Nothing but a myth?

I’m doing a rather thorough school project on lucid dreaming and I’m in need of some information.

Have you or anyone you heard of had problems with telling reality apart from dreams as an effect of excessive practice of lucid dreaming?

This is surely the most widespread rumour concerning LDing and I want to know if there is any credability to this at all or if it’s just something we can file under BUSTED.

If anyone of you guys happens to have any additional information on the subject that you could link I would really appreciate it. :smile:

I assume it could be possible to mix up reality and lucid dreams if you suffer from schizophrenia, since people with that disorder already have a rather messed up view of reality.

But a mentally sane person?
Probably not, since lucid dreams do after all contain a lot of clues that you are dreaming, like being in an unfamiliar location, seeing things chance in bizarre ways (like for example a house turning from red into yellow in a few seconds and stuff like that) and just the general surrealistic, dreamlike feel.
You almost always find clear proof that you are in a dream in just a few seconds if you are looking for it.

I see Lucid Dreams as just normal dreams, except that you know you are dreaming.
It sure has some very cool possibilities that you can’t do in a normal dream, but that’s because you don’t think about doing them in a ND.
Saying you confuse reality with dreams by practising LDing is like saying you would confuse the two if you dream to much :tongue:
Except obviously if you have some thing like schizophrenia.

Look into this post:

I can’t call say i’ve had real trouble teling dreams apart from waking life. Although sometimes i’ve had extreme amounts of FA’s which after which I would finally wake up, and just lie there for 10 minutes, figuring out if I was finally awake or not.

I don’t think there’s any evidence to say that excessive lucid dreaming will cause such a problem. Heck, I didn’t even think it was possible to excessively lucid dream (unless it consumes your life and you purposefully sleep a lot just to LD :neutral: ). Dreams are just too different from reality for it to just ‘meld’ with reality.

Also, as a nursing student, I can make a guess that schizophrenics would not be able to lucid dream at all. Of course, it depends on the severity: for someone who is treated or have a mild case, they could probably lucid dream. But for someone who has severe schizophrenia, the disturbances they experience during the day would cause sleep disturbances while they sleep and in their dreams, so chances of lucidity there would be very unlikely. That’s my educated guess, so i’m happy for someone to ‘educatedly’ prove me wrong :tongue:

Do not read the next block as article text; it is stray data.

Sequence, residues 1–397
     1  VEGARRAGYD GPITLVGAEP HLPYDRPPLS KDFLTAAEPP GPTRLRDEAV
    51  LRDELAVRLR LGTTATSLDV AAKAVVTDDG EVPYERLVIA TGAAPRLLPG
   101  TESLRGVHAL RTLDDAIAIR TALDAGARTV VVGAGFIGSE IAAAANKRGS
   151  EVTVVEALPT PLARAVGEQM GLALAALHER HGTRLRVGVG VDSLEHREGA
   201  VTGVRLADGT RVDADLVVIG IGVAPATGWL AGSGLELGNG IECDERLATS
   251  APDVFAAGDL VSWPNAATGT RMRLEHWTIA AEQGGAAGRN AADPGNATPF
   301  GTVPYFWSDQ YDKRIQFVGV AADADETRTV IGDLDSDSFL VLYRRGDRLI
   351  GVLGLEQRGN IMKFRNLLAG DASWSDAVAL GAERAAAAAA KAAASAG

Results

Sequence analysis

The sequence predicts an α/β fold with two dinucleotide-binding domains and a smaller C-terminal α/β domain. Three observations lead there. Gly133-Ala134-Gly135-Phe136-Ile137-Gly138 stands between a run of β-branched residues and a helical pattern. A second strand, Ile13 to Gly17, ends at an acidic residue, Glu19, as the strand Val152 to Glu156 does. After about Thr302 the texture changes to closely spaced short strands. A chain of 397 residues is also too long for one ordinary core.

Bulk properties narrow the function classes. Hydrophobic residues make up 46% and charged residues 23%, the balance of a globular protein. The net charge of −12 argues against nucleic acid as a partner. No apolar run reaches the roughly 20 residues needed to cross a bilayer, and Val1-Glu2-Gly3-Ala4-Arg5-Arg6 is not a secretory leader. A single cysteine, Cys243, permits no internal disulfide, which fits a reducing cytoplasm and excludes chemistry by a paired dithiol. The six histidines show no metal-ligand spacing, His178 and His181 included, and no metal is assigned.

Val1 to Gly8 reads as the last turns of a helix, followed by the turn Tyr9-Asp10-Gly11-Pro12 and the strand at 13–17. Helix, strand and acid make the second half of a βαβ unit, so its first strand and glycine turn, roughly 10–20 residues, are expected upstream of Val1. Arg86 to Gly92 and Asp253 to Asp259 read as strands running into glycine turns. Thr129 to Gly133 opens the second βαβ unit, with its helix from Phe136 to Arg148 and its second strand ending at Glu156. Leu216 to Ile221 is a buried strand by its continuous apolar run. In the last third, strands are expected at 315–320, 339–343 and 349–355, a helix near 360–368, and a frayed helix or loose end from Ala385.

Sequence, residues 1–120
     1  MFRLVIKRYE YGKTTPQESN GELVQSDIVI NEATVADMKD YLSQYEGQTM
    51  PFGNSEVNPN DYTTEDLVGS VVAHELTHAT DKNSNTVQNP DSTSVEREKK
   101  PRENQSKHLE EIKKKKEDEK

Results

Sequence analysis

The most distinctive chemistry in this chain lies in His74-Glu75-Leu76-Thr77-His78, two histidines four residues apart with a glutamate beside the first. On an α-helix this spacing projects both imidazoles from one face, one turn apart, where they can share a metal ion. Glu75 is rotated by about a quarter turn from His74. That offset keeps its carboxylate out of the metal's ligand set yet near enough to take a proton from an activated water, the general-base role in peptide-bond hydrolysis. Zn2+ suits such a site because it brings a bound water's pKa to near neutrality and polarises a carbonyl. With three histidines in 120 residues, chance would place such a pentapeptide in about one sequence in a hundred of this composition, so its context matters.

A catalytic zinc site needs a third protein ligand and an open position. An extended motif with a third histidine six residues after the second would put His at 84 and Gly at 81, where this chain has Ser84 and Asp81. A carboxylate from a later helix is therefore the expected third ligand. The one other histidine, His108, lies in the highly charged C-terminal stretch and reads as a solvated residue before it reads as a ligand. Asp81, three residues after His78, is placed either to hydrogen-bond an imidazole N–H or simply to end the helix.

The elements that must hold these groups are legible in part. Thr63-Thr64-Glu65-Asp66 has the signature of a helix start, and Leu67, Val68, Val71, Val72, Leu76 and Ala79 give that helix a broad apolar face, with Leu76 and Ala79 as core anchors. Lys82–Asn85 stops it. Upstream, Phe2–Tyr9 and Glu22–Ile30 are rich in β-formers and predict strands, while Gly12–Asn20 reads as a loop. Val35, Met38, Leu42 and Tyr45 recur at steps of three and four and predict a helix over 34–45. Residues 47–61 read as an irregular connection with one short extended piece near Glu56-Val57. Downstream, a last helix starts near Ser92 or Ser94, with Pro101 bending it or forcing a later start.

I would say, it depends, as you must use more precise term.

Lucid dreams changed my view of what reality is.
My dreams are real as far as your mind is concerned, so both waking and dreams are part of reality, dreaming you fly and flying is the same as far as your brain is concerned, and the experience you get.

A more correct question would be : does some people can’t make distinction between waking and dream life ? That, I would respond, in waking life, today you might know that what happened this night was a dream.
But 2 years later, it can happen that you think such dream really happened.

Humans create false memories and forget things. Our brain is not as reliable as what we want to know, and we distort always reality sane or not.
“Thinking fast and slow” by Daniel Kahneman, introduces some of this flaws.

It happens that I fogret sometimes whether the source of an information comes from reality or from a dream I made long time ago. An information is an information, and it happens you forget the source, as much as you would forget the author of a well know quote.

But I suspect the goal of your question is whether someone jumped from a building in waking life thinking he was in dreaming life.

Incorrect. Firstly, schizo has no interaction with LDing in that manner. Personally, i find it quite the opposite of what you just said. There are two people in my life that are very close to me that are a part of the schizo spectrum (infact, both of them are members of LD4All), and LDing actually seems far more common than the average other person. Not to mention far more controllable. Also, there are absolutely no signs of having struggles determining lucid dreams from reality. A schizo issue does not seem to persist in the dream world, nor does the dream world have any impact in real life.

This is of course, always subject to individual cases. But from personal exposure from a couple sources… The schizo spectrum is irrelevant to this question.

-It’s 4am, and i have yet to sleep, so i probably presented that poorly… I can probably do better when my brain isn’t scrambled.

One of my closest friends who LDs quite regularly sometimes feels like this, but only because he is quite prone to FA’s - like Shadow of a Day’s case. But since those come with a loss of lucidity, wouldn’t that have more to do with ND’s than LD’s?